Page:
In this study we set out to compare the prevalence and effects of stalking in a German population sample from 2018 with our own results from 2003. To our knowledge, no previous study anywhere in the world has explored these parameters over an extended period of time with exactly the same study design. Longitudinal investigation is important, for instance, in assessing the efficacy of the measures that have increasingly been introduced in recent years, in Germany and elsewhere, to combat stalking. The following questions were of particular interest:
- Has the prevalence of stalking changed in the past 15 years? The police and criminal justice system are more active against stalkers than used to be the case, but new methods of stalking have emerged, e.g., via social media.
- Has the health status of stalking victims improved between 2003 and 2018? There is now more widespread access to expert counseling and therapy, so it could be assumed that treatment has become more appropriate, with lasting positive effects.
- Do victims of stalking think that the recently introduced legal powers against stalkers are adequate?
Material and methods
In October 2018, we selected 1000 women and 1000 men between the ages of 18 and 65 years at random from the residents’ registration data of the city of Mannheim. Each of these persons was sent a comprehensive questionnaire on the topic of stalking (23), together with the WHO-5 Well-Being Index (24, 25), the German version of the Patient Health Questionnaire (PHQ-D) (26, 27), and a letter explaining the goals of the study. The methods are described in detail in the eMethods supplement. For the purposes of this study, stalking had taken place if there had been multiple episodes of harassment or unwanted contact featuring multiple behavior patterns over a period of at least 2 weeks that made the victim anxious or fearful.
The principal findings of the comparisons between the data from 2003 and 2018 are presented in Table 2.
After adjustment for double selection and undeliverable questionnaires, letters and questionnaires were sent to 1985 contactable persons in 2003 and 1930 persons in 2018. The response rate in 2018 was, at 23.0%, much lower than in 2003 (34.2%). With regard to the representativeness of the samples, there was no statistically significant difference between the percentage age distribution of the population of Mannheim and the study sample of persons born between 1953 and 2000. In both 2003 (58.9%) and 2018 (64.1%), women were somewhat overrepresented in the study sample relative to the population as a whole. The two samples did not differ significantly in average age or in sex distribution.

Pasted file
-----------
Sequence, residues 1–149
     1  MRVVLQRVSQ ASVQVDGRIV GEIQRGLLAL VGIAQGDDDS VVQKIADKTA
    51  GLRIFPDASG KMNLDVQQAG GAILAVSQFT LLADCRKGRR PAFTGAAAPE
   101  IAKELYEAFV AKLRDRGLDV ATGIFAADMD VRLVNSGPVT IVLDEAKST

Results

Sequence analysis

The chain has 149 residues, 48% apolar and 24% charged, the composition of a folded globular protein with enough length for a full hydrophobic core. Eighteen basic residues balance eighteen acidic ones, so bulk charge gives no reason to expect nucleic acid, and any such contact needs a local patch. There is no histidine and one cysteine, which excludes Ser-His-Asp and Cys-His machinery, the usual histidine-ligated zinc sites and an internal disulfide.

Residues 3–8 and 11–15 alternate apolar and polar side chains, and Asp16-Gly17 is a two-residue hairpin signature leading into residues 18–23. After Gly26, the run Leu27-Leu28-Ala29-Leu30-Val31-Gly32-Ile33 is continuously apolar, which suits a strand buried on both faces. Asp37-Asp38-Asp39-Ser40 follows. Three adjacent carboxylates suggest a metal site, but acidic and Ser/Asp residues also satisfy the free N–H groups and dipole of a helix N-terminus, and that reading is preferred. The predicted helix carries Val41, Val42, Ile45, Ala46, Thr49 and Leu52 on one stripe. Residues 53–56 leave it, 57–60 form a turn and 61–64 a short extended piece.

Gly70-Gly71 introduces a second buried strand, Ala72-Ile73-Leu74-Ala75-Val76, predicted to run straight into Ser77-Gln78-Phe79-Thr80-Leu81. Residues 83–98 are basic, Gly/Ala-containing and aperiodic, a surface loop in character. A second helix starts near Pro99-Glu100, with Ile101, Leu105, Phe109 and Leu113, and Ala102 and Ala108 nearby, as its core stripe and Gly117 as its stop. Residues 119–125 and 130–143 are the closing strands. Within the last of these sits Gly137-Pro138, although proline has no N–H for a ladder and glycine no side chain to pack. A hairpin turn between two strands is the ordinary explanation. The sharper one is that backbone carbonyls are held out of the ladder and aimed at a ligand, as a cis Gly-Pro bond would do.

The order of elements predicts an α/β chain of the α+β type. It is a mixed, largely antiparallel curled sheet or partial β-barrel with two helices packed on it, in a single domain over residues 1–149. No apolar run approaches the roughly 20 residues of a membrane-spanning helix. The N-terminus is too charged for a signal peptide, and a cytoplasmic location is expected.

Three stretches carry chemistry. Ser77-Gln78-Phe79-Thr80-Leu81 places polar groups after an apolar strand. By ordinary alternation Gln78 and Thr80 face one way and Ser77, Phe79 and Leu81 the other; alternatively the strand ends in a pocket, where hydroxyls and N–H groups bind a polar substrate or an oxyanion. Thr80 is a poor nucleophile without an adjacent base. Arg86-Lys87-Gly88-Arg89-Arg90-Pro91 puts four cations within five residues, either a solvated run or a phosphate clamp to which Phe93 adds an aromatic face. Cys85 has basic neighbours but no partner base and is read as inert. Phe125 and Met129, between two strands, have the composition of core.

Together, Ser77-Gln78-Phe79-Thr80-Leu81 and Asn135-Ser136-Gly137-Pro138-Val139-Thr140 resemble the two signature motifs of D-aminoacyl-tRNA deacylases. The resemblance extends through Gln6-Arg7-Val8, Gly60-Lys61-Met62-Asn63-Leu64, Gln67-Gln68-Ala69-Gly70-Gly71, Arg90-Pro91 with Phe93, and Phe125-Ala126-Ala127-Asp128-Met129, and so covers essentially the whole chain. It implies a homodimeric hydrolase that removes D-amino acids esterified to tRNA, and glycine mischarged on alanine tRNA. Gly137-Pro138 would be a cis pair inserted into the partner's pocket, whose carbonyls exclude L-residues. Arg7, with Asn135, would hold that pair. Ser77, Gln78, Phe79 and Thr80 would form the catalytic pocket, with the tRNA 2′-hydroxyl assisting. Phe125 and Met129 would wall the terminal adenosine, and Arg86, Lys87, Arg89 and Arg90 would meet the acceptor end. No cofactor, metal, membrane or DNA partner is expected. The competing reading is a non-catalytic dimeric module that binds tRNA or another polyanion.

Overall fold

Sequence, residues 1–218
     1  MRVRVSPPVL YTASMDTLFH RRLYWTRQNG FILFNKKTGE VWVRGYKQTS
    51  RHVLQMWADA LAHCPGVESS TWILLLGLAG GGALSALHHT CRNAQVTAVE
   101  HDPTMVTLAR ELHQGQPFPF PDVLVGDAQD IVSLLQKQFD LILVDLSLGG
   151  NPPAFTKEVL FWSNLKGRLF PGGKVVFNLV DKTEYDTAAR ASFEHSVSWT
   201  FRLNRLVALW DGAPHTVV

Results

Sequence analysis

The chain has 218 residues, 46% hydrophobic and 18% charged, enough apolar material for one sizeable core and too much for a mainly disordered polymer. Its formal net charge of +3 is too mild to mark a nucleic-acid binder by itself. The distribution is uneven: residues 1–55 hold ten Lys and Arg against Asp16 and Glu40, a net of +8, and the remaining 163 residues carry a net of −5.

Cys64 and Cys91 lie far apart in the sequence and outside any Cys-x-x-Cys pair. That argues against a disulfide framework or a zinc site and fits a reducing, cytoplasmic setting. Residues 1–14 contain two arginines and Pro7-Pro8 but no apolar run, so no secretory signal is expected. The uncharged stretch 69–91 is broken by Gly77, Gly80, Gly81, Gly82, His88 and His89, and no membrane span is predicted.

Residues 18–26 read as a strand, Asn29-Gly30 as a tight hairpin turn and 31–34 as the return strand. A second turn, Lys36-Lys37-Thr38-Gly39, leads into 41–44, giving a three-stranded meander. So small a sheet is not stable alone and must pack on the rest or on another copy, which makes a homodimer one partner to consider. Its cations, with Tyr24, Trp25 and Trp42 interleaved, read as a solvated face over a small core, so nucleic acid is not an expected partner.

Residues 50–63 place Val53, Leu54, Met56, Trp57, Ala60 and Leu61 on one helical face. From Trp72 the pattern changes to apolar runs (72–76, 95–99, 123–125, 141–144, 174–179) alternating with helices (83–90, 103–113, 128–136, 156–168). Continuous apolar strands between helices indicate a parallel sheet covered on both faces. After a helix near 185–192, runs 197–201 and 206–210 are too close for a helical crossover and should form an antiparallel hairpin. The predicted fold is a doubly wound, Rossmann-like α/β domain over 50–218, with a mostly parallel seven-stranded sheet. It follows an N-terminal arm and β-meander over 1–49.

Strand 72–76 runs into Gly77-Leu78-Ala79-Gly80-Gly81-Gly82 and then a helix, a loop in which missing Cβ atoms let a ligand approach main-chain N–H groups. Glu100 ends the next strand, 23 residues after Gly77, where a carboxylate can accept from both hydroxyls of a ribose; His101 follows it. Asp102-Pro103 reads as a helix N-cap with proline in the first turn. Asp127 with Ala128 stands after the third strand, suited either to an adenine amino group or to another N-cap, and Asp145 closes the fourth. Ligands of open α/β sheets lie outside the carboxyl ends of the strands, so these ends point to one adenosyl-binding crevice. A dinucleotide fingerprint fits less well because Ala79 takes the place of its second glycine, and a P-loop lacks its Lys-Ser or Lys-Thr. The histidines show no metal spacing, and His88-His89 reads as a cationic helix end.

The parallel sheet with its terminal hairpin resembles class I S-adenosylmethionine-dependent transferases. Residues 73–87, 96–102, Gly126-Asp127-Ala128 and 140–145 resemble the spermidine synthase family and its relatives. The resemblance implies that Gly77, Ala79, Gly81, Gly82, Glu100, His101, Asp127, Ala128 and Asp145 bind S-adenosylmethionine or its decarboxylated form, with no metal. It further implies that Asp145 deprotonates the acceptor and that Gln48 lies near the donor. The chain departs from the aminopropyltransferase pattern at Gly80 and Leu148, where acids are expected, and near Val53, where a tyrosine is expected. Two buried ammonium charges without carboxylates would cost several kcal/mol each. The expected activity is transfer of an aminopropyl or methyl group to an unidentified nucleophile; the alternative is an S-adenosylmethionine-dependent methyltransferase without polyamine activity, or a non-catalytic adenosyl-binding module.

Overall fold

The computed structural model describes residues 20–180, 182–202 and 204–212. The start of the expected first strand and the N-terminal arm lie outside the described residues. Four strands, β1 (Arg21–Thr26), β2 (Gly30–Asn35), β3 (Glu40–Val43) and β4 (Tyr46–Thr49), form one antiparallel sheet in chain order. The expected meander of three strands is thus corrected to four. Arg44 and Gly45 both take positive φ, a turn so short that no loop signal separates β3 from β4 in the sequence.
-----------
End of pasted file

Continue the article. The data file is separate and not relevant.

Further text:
In 2003, the criteria for stalking used in both studies were fulfilled by 78 persons (11.6%). The proportion was similar in the 2018 study (48 persons, 10.8%).
Women formed a clear majority of the victims of stalking in both surveys, with no significant difference between 2003 and 2018. In both surveys, the victims reported that more than 80% of the stalkers were male. With regard to the duration of stalking, more than a third of the victims in 2018 stated they had been stalked for a year or more, against not quite a quarter in 2003. Overall, the victims listed many different types of persecution and harassment. On average, in both surveys each person was exposed to around five different kinds of stalking (Figure).
The relevance of the stalking behavior patterns recorded here is underlined by the finding that explicit threats were uttered in 54% of cases in 2003 and 66% in 2018. The overall proportion of cases involving physical and/or sexual violence is similar in the two surveys (over 50% in each case) (Table 2).
In both surveys, (ex-)partner stalking was the main type of stalking reported (2003: 32.1%, 2018: 45.8%). The next most common category of stalkers were acquaintances or friends of the victims (2003: 20.5% [11.8; 29.9]; 2018: 20.8% [10.0; 34.0]). Less often, the stalkers were colleagues (2003: 3.8% [0; 8.4]; 2018: 4.2% [0; 10.0]) or family members (2003: 3.8% [0; 9.0]; 2018: 4.2% [0; 10.5]). There were also individual cases of stalking in, for example, the professional context.
The victims were asked for their subjective assessment of the social, mental, and medical effects of the stalking. Most of them reported not only anxiety but also other psychic and somatic symptoms perceived as direct consequences of the stalking, for example increased agitation (2003: 56.4%; 2018: 60.4%), sleep disorders (2003: 41%; 2018: 39.6%), and depression (2003: 28.2%; 2018: 22.9%). In 2018, 27.7% of the victims (2003: 18.4%) stated that their doctor had put them on sick leave due to the stalking’s impact on their health.